We examine the impact of pre-Columbian farmers in seasonallyflooded savannas in French Guiana. In this region, vegetation is amosaic of interdigitated rainforest and edaphic savannas; many ofthe latter are seasonally flooded. As is becoming increasinglydocumented in several regions within the Neotropical lowlands(5), farmers constructed raised fields [a subset of wetland fields(5, 16)] and other earthworks in these environments. Part of thecontroversy about the extent of human modification of theselandscapes centers around distinguishing which elevated struc-tures are cultural features (raised fields and other earthworks) andwhich are natural features such as termite mounds (11, 17). Howstructures may be affected by interactions between cultural andnatural processes has been largely ignored. In contrast to studiesof the anthropogenic soils of forested Amazonia (e.g., ref. 18), fewstudies of raised fields in savanna environments (but see refs. 19and 20 for outstanding examples) have integrated work in therange of disciplines necessary to tackle the complexity of coupledhumanenvironment interactions (21) such as legacies of pastland use (e.g., ref. 22). Important driving mechanisms thus mayhave been neglected. We focus on three questions: First, did pasthuman modification of landscapes change how these ecosystemsfunctioned? Second, did these changes increase the resilience ofraised-field agroecosystems? Third, were these changes durable,and can they explain how the material signatures of long-abandoned raised-field landscapes have persisted to the presentday? To address these challenging questions, we combined ar-cheology, paleoecology, and aerial imagery to examine the scale oflandscape modification by pre-Columbian people (Fig. 1 and Fig.S1 AD) in a kind of environment that often has been consideredmarginal for agriculture (23). We used archeobotanical methodsto study what crops people grew and integrated data from soilscience and ecology to examine how these agricultural landscapeswere constructed, how their soils were managed, and how pasthuman actions continue to affect ecosystem functioning.During the Late Holocene, pre-Columbian societies in many
parts of lowland South America began to transform landscapesat a scale not seen previously (24). Dark-earth soils associatedwith intensive agriculture appeared in diverse sites in Amazoniaand its periphery (5, 18, 25), and farmers constructed raised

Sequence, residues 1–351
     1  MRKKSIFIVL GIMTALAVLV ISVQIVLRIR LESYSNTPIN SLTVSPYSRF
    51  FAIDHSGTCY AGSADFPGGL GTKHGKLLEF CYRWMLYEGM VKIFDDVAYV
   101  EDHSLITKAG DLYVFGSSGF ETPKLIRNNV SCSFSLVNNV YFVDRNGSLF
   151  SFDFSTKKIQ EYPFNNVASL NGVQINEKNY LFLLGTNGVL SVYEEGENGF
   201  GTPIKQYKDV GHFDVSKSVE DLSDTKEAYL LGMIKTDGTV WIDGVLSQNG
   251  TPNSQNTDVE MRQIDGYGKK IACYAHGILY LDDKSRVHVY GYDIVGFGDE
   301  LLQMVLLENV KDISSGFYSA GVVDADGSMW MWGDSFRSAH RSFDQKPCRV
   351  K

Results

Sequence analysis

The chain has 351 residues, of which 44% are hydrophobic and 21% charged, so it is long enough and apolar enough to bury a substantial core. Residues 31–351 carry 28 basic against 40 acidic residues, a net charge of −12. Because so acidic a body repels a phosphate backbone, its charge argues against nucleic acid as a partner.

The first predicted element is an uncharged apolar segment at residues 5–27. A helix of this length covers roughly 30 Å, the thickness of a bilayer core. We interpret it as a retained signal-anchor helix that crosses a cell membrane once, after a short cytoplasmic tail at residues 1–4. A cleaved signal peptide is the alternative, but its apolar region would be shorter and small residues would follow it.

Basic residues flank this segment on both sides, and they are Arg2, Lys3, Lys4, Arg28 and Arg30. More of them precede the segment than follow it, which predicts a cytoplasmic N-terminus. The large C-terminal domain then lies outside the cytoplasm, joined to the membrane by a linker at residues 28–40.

Author contributions: D.M., S.R., J.I., B.G., J.J.B., and D.R. designed research; D.M., S.R., J.I.,B.G., J.J.B., I.H., and D.R. performed research; S.R., J.I., B.G., J.J.B., I.H., and D.R. analyzeddata; and D.M., S.R., J.I., and B.G. wrote the paper.
The authors declare no conflict of interest.
This article is a PNAS Direct Submission.
Freely available online through the PNAS open access option.1To whom correspondence should be addressed. E-mail: firstname.lastname@example.orgPresent address: Terrestrial Biogeochemistry, Martin-Luther-University Halle-Wittenberg,06108 Halle, Germany.
This article contains supporting information online at www.pnas.org/cgi/content/full/0908925107/DCSupplemental.
www.pnas.org/cgi/doi/10.1073/pnas.0908925107 PNAS | April 27, 2010 | vol. 107 | no. 17 | 78237828
fields to provide crops with well-drained soils in seasonallyflooded savannas (5, 26, 27).Our research shows that, as in other parts of South and Central
America that are considered unsuitable for agriculture today (5),pre-Columbian farmers constructed thousands of raised fields inthe seasonally flooded coastal savannas of the Guianas (27, 28).They built conspicuous earthworks, including raised fields, canals,and ponds, that enabled them to practice intensive permanent (orsemipermanent) agriculture in this low-lying region with highlyseasonal rainfall [2.54 m, most of it during a December to Julyrainy season (29)]. In savannas along the Guianas coast, thesefossil agricultural landscapes, long abandoned and their originforgotten, are spread over ca. 600 km, from the Berbice River inGuyana to near Cayenne (Fig. S1E). They occur in basins of theDemerara Formation that are bounded by Late Quaternarymarine terraces (30); they exhibit great diversity in size, shape,orientation, and location in the landscape (28) (Figs. S1 AD andS2). They are difficult to confuse with small areas of raised bedsconstructed byCreole farmers after European colonization, whichdiffer in form from those made by pre-Columbian inhabitants andoccur mostly in previously forested habitats. Today, in what mayrepresent an African tradition (31), Saramaka and Haitianimmigrants continue to build and to farm localized patches ofraised fields in savannas.In savanna habitats, where waterlogged soils and parched, fire-
prone vegetation alternate seasonally, pre-Columbian raised fieldscreated new microenvironments where crops could grow. How didthese new environments function when raised-field landscapeswere abandoned several centuries ago? We hypothesize that thecoupling of ancient actions of human engineers and the continuedactions of other ecosystem engineers (32) caused a durable trans-formation of ecosystem functioning, generating feedbacks thatdrive self-organized maintenance of abandoned raised fields. Inthe following sections, we provide and analyze data on